Renault ZOE practicality & boot space
The ZOE’s rear seats aren't the most comfortable in the class, but they’re good enough for shorter journeys, while the boot is usefully deep
The ZOE is fit for purpose when it comes to space and practicality in the small-car class. It can seat three (at a squeeze) on the rear bench, although the seat is quite flat and high-set, so adults might feel a bit sorry for themselves on longer journeys, although kids will be fine.
It’s a shame you have to go for mid-range Iconic to get split-folding rear seatbacks (it’s a single-piece folding rear seat in the entry-level car). The 338-litre boot is a decent size, although it's fairly short and deep, so chunky items may be tricky to fit in. The cable storage area under the floor is welcome.
Renault ZOE interior space, storage & comfort
There’s enough room in the ZOE that most adults will be comfortable for shorter trips, but taller people might feel a little hemmed-in. The lack of a central armrest in the back and a fairly flat rear bench also leaves you in no doubt this is still a city car at heart.
For all that, the standard five-door body gives reasonable access to those rear seats, and two kids or two chunky car seats will fit comfortably in the back. You can squeeze a third child in the middle, but they won’t want to be there for too long.
Storage up front is fine, with a glovebox, doorbins that’ll take a small bottle easily and a couple of fixed cupholders in the centre console. Door pockets in the back also give you somewhere to throw a bottle, but there’s only one map pocket.
The 338-litre boot capacity is a good size for a small, Fiesta-sized car like the ZOE. A chunky buggy will take up most of the fairly short, deep boot space, and there’s quite a high load lip to lug it over, but you'll get it in there without having to drop the rear seats.
If you do think you’ll carry longer items regularly, make sure you go for Iconic trim or above, as the entry-level Play model misses out on the 60:40 split-folding rear seats that allow you to fold a portion of the seatback down to carry a large item as well as a single rear passenger.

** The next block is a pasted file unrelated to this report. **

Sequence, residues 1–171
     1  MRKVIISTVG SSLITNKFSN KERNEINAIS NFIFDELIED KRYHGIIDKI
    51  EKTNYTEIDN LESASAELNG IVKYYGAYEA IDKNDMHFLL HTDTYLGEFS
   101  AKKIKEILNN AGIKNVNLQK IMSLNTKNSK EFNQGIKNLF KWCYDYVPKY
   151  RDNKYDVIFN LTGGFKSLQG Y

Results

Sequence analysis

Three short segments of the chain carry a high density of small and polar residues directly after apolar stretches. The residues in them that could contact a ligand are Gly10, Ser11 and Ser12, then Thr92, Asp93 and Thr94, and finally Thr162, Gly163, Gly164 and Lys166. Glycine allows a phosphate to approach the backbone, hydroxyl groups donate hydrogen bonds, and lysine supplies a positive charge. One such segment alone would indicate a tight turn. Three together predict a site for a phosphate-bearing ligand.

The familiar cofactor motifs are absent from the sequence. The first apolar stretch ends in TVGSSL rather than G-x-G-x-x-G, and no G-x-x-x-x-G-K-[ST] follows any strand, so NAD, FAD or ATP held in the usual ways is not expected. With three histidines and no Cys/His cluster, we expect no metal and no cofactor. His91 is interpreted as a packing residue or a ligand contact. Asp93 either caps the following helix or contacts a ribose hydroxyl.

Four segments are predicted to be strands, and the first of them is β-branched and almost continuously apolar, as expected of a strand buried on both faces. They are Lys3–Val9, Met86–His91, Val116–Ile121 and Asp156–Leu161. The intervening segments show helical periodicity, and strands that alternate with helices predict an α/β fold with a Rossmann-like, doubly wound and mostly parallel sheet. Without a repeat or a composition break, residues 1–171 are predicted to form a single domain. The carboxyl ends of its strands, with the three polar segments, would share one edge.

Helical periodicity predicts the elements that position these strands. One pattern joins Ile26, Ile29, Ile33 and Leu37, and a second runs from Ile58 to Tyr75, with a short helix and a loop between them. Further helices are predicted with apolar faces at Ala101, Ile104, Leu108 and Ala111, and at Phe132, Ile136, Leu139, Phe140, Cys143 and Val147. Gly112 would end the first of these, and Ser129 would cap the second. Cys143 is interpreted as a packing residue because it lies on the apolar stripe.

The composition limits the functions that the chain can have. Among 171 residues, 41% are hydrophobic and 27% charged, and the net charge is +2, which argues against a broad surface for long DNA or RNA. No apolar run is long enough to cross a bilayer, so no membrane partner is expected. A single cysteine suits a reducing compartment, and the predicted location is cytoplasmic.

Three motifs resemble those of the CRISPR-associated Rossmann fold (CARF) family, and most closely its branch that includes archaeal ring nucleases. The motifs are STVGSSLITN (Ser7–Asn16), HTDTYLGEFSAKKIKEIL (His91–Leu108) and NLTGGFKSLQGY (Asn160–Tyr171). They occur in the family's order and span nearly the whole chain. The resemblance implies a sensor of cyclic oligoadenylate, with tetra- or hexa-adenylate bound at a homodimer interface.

The entry-level ZOE Play has a single-piece seatback that folds down. Ultimately, the bigger Nissan Leaf is usefully roomier (if also more expensive), while the MG ZS EV SUV is similarly priced, with a shorter driving range but also a more practical interior.
Even comparable small electric cars like the Peugeot e-208 and Vauxhall Corsa-e are a bit more comfortable than the ZOE for rear-seat passengers, but the Renault is more than spacious and practical enough by small-car standards.
In This Review
- 1VerdictA much-improved interior and bigger battery make the latest incarnation of the Renault ZOE even better than before
- 2Range & chargingHard to fault here, given that the Renault ZOE has the best range in class, although standard CCS charging would be welcome
- 3Running costsA relatively low price, impressive efficiency and strong residual values bode well for the Renault ZOE here
- 4Electric motor, drive & performanceTidy, grippy and uncomplicated handling make the Renault ZOE an easygoing, confidence-inspiring car in or out of town
- 5Interior & comfortGenerous kit, a smart-looking touchscreen, clean dashboard design and tactile, sustainable materials make the Renault ZOE’s interior much better than before
- 6Practicality & boot space - currently readingThe ZOE’s rear seats aren't the most comfortable in the class, but they’re good enough for shorter journeys, while the boot is usefully deep
- 7Reliability & safetyAs long as you opt for the mid-range Renault ZOE Iconic specification or above, you get a good array of driver aids